The construction costs associated with Everton Football Club's new stadium have been revealed in a council report, providing a breakdown of the figures for the project.
The report, submitted by Liverpool City Council's planning officer ahead of a meeting next week, shows that Laing O'Rourke, who won the project last year, will oversee construction with a value of £505m, which is expected to generate 8,136 construction jobs. The redevelopment of Goodison Park, Everton's current home, has been priced at £82.5m and is predicted to create 1,382 jobs. The report suggests that the scheme will trigger "wider catalytic" developments in land adjacent to the site, valued at £212m.
Wider project figures are significantly lower than the estimates given by Everton during its initial public consultation. The club had claimed that the scheme could serve as a "catalyst project" that would give a £1bn boost to the local economy, accelerating over £650m of local developments around the stadium.
The report also confirms that construction will commence in the first quarter of this year and run for roughly three years, with an anticipated completion date of 2024, which means it could be available for use during the 2024/25 Premier League season. Although Everton had expected t begin work sooner, they announced in August that additional consultation and decisions relating to third parties had been delayed due to COVID-19, forcing a delay until 2021.
Planning officer for the project has suggested that the council's planning committee approve both stadium development projects next Tuesday (25 February), which will be attended by Everton FC's chief executive, Professor Denise Barrett-Baxendale, and stadium director Colin Chong, who will directly present the project's case to the panel.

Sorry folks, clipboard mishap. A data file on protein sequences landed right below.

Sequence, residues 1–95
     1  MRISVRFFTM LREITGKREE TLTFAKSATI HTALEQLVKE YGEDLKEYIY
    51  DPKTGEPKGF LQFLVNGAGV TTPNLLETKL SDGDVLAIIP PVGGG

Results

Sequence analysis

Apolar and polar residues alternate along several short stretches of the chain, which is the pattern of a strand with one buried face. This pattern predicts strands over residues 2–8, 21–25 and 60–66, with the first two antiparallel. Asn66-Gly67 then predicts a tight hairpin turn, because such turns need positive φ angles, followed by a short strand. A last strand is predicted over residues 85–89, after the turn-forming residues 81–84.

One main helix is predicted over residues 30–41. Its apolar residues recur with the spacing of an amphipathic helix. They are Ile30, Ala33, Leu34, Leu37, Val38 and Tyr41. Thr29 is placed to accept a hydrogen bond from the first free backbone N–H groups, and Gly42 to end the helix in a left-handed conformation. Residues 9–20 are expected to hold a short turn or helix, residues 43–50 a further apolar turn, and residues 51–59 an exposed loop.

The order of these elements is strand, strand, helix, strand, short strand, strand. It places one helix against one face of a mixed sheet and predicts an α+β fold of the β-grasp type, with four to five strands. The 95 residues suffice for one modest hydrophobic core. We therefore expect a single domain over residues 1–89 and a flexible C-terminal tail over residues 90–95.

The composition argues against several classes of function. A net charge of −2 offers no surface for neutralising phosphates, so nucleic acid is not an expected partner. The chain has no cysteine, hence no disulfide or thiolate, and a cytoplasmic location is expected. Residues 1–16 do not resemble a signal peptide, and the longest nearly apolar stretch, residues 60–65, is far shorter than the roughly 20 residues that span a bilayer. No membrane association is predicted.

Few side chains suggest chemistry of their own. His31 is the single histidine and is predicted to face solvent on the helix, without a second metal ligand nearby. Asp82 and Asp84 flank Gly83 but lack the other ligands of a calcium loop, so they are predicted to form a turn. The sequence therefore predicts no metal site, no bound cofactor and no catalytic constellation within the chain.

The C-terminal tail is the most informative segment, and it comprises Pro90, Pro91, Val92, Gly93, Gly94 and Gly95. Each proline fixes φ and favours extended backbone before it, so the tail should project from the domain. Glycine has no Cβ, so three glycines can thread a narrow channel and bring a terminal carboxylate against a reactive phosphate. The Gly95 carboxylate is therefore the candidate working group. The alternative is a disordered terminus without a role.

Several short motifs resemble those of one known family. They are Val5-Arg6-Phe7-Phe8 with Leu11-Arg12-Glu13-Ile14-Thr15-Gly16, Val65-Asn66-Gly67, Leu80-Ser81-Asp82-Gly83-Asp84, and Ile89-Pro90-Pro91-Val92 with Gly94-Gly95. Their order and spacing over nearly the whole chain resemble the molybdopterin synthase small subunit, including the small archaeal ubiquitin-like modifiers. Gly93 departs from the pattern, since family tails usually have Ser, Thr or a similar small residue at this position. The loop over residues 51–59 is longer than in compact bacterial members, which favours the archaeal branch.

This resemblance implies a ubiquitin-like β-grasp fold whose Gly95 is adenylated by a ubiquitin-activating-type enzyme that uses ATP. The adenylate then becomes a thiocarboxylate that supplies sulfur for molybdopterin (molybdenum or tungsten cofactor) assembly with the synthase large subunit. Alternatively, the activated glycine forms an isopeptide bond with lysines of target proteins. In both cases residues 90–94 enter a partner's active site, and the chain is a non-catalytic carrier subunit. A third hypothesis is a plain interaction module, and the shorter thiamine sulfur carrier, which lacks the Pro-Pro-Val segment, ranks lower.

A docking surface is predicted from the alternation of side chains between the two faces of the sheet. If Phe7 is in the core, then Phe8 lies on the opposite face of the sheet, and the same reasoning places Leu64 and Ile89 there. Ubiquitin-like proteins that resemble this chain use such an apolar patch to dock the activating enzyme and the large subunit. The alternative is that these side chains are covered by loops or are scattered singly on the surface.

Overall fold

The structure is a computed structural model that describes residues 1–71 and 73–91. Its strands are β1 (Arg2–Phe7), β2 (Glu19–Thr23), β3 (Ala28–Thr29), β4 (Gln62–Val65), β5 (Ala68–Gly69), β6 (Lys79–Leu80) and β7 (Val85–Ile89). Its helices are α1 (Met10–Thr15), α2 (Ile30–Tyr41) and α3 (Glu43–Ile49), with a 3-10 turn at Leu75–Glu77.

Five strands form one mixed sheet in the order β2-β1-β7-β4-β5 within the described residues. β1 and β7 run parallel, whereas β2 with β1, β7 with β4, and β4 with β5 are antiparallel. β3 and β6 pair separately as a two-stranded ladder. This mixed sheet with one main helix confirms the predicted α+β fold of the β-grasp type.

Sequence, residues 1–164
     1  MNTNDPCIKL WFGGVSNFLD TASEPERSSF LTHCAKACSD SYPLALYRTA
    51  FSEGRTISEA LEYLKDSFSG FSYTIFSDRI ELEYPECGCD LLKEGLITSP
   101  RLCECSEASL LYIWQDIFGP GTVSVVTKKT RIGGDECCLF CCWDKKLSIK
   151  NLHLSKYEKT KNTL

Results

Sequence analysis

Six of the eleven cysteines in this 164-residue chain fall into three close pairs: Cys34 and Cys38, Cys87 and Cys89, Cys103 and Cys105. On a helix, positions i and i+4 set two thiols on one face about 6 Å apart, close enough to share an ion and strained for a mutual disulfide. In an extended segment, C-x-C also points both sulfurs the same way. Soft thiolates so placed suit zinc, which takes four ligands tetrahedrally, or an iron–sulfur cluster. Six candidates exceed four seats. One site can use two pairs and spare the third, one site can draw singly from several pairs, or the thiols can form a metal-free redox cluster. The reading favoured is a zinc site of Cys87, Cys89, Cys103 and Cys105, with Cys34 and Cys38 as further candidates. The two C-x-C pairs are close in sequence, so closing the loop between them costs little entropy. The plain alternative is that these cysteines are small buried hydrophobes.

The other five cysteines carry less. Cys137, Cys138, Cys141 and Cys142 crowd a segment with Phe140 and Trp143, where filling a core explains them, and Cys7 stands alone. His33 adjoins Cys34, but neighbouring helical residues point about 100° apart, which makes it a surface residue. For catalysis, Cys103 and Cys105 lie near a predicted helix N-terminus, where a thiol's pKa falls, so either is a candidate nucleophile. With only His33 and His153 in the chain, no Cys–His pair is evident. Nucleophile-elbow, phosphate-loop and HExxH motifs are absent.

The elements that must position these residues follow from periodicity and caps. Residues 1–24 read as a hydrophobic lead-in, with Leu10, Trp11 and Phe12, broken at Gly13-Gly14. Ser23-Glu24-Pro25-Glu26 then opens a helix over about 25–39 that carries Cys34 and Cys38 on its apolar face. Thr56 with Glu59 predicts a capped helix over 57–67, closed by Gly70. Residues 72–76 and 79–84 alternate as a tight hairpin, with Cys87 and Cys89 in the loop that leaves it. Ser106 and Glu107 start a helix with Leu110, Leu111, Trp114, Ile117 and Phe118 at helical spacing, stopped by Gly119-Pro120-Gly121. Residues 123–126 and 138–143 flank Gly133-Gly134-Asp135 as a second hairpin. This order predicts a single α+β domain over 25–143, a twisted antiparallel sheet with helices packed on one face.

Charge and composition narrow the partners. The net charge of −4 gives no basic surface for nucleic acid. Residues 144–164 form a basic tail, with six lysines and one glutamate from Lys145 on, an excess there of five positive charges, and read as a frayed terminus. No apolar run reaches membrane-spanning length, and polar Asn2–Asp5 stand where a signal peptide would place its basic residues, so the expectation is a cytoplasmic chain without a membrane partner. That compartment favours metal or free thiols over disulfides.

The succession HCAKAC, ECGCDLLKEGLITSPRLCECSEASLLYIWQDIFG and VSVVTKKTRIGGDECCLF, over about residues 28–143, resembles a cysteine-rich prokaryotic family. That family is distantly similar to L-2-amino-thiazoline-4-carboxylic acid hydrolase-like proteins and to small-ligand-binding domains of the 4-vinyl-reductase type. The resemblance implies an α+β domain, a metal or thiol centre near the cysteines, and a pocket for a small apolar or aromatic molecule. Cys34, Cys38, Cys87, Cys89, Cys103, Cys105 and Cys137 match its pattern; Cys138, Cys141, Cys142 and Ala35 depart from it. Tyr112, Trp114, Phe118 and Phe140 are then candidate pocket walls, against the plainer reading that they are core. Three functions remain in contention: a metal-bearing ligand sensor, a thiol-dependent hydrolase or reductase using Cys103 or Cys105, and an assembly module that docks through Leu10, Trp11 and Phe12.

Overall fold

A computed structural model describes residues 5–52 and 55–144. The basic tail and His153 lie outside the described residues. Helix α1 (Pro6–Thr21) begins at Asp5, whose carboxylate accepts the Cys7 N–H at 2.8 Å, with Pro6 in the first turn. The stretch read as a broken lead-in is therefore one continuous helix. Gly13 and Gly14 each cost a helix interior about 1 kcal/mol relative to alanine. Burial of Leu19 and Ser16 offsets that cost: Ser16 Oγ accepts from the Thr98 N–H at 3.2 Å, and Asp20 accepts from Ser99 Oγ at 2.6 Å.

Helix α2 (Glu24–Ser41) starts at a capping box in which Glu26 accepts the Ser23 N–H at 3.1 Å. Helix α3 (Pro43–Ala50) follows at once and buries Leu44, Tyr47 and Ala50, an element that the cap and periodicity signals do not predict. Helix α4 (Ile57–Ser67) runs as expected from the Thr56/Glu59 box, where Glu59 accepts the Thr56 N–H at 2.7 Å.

In a letter to fans ahead of the meeting, Barrett-Baxendale and Chong intended to; “underline how important this stadium is – not only to our football club but also to our city, our region and our country at such an unprecedented time in our history” when they speak to the panel.
If approved, the club's application will then go to ministerial sign-off. The stadium is the flagship project in the Liverpool Waters area of the city being developed by Peel Ports. The club had first signed a deal to lease land in the area known as Bramley-Moore Dock in November 2017, and the formal agreement runs for 200 years at a peppercorn rent. The new stadium represents a major milestone for Everton Football Club and its fans, as well as the wider community of Liverpool. Its potential to generate economic growth and create thousands of jobs has been widely touted, and the council report
provides a more detailed breakdown of the figures involved in the project. With the council planning committee set to make a decision next week, all eyes will be on the meeting as the future of the stadium hangs in the balance.